Stylized chart showing how AI bias leads to harm through faulty decisions affecting groups disproportionately.
AI models trained on biased data can exhibit performance that deviates from expectations, leading to faulty decisions and potential harm for certain groups of people.

How to monitor and detect AI model drift

Detecting model drift can be tricky; businesses might be averse to taking the time necessary to build and train a model as well as check its results. However, business environments and data change over time, putting any system at risk for model drift. This, in turn, can inhibit accurate decision-making within the organization and lead to worse ROI from AI initiatives.

Detecting model drift requires a comprehensive suite of methods:

  • Direct comparison. The most straightforward method of detecting model drift is to compare predicted values with actual values. For example, if a model is designed to help forecast revenue for the upcoming quarter, regularly comparing the predicted revenue to the actual revenue for that quarter will ensure drift becomes evident if the two results diverge over time.
  • Model performance monitoring. There are numerous metrics that can help to measure model performance, including confusion matrices, F1 score, and gain and lift charts, among others. Other statistical methods, such as the Kolmogorov-Smirnov test, can also help calculate the deviation of outputs from the expected mean. Model engineers should select the metrics that are most appropriate for the model, its intended purpose and the characteristic under review.
  • Data and feature assessments. Data and the features used in models change over time. Model engineers should periodically assess the data being delivered to the model, consider the training data used to prepare the model, and reevaluate the algorithms and assumptions used to construct the model. This can help teams determine whether changes in data quality have occurred and whether the existing features still have predictive power.
  • Comparative models. When two or more similar models are available, it might be worth comparing the output of multiple models to understand their variability and sensitivity to different data sets. For example, teams could develop parallel models that use slightly different training data or production data, then compare outputs to help determine drift in one or more models.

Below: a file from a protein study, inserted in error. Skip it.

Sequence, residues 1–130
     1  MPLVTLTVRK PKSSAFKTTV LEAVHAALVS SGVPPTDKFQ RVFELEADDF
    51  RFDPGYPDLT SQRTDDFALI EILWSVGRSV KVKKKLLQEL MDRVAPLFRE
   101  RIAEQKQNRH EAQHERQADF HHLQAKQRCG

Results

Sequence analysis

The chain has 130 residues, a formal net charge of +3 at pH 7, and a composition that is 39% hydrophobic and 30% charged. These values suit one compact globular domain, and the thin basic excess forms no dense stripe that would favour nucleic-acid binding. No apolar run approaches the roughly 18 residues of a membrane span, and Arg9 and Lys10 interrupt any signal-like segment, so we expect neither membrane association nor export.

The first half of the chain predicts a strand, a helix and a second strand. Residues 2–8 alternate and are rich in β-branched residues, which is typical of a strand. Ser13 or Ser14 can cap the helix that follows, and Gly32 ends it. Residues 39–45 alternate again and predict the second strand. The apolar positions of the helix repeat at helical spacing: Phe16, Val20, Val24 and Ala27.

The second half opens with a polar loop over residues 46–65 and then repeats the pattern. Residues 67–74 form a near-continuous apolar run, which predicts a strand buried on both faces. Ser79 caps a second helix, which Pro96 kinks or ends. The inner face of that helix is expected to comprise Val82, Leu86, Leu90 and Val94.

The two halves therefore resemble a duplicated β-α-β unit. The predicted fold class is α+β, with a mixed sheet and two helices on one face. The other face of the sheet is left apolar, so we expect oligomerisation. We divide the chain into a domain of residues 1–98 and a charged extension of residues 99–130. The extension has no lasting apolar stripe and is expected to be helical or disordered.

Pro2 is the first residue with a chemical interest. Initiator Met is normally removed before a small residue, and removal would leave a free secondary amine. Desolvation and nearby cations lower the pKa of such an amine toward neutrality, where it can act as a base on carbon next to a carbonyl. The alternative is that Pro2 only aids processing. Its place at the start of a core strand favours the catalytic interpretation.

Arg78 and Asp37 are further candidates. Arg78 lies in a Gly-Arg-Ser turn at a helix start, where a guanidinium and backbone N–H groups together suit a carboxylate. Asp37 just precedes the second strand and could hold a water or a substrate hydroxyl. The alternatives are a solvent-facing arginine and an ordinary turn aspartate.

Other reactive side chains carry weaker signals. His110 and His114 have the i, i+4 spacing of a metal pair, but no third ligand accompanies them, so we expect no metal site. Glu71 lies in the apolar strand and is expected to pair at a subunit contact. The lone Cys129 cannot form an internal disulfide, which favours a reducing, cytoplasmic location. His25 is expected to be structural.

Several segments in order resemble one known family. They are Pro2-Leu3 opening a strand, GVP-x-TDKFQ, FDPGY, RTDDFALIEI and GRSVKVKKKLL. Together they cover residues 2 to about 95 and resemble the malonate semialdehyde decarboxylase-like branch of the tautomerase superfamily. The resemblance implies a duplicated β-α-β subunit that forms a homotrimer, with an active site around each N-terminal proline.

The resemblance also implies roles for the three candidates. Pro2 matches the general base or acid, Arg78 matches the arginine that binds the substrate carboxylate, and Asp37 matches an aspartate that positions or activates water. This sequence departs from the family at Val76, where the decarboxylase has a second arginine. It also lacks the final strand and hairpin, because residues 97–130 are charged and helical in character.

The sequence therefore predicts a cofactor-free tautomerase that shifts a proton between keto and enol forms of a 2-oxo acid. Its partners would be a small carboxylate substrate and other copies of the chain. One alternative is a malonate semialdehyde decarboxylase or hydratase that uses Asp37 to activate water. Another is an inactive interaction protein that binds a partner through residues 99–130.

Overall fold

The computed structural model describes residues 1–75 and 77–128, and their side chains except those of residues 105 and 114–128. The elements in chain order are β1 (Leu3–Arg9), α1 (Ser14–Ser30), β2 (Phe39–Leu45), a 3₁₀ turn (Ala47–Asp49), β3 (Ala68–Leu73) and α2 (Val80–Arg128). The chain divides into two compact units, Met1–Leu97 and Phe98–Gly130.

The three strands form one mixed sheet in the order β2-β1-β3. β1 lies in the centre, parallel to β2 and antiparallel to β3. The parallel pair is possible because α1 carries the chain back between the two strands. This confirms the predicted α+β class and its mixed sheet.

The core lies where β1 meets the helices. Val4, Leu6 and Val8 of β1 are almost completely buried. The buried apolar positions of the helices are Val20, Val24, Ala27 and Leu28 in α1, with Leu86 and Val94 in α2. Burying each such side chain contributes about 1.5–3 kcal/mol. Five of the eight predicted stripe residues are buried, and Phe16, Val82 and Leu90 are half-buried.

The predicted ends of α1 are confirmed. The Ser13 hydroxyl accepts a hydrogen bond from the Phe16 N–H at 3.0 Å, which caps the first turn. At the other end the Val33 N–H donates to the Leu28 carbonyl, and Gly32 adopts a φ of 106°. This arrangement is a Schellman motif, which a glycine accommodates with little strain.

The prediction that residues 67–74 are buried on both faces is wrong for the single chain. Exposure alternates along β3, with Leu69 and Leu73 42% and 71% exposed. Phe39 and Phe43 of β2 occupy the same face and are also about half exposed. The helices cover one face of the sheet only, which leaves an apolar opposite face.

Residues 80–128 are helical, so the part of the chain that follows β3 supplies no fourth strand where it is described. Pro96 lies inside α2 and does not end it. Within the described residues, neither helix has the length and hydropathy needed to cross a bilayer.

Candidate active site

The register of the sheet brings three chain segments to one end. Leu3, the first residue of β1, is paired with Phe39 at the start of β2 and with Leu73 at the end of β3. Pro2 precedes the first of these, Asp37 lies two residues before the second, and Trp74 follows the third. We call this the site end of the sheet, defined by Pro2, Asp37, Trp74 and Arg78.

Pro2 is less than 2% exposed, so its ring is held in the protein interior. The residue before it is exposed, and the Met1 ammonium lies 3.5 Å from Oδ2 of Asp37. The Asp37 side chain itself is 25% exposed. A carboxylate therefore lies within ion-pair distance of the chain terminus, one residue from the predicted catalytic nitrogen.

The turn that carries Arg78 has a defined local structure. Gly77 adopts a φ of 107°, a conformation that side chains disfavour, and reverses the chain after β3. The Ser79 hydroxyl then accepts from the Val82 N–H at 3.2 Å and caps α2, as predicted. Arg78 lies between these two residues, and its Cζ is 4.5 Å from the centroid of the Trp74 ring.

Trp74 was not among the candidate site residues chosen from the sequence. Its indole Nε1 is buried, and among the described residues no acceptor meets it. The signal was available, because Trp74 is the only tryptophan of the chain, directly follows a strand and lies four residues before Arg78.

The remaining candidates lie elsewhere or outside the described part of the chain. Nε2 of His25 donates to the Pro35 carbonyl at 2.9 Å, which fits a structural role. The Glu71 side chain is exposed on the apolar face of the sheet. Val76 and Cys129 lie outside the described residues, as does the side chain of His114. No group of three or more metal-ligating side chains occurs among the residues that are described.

Regardless of the method used, drift detection should be treated as a regular process to ensure accurate outputs over time.

How to correct AI model drift

To correct model drift, businesses can employ machine learning workflows that include a recurring process of data quality assurance, drift monitoring and mitigation. This includes establishing strong data governance practices, proactively designing models to ensure that they can adjust over time, and regularly auditing models for accuracy and reliability.

Specific drift mitigation strategies include the following:

  • Model retraining. Periodic retraining is one of the easiest and most straightforward means of mitigating model drift, and it can be performed as needed -- whether at regular intervals or when triggered by detected drift. Retraining can provide fresh, accurate, complete and valid data that enables the model to evolve in response to new data and features.
  • Adaptive techniques. Traditional machine learning models employ initial training and retraining as needed, but advanced model design can implement feedback loops within the model that enable it to actively learn from and adapt to incoming data. One such technique might include user scoring or other human feedback that enables the model to tailor its decision-making dynamically to produce more desirable outputs. Other incremental or continuous learning techniques can also be integrated into the model for regular training updates.
  • Multiple models. Another way to guard against model drift is to employ several related models simultaneously, using different models to capture different aspects of the problem or data. Evaluating the same issue from different perspectives establishes a more holistic approach to analytics and decision-making. Using multiple models can also serve as a safeguard against the failure of the entire system if one model starts to drift.

Stephen J. Bigelow, senior technology editor at TechTarget, has more than 20 years of technical writing experience in the PC and technology industry.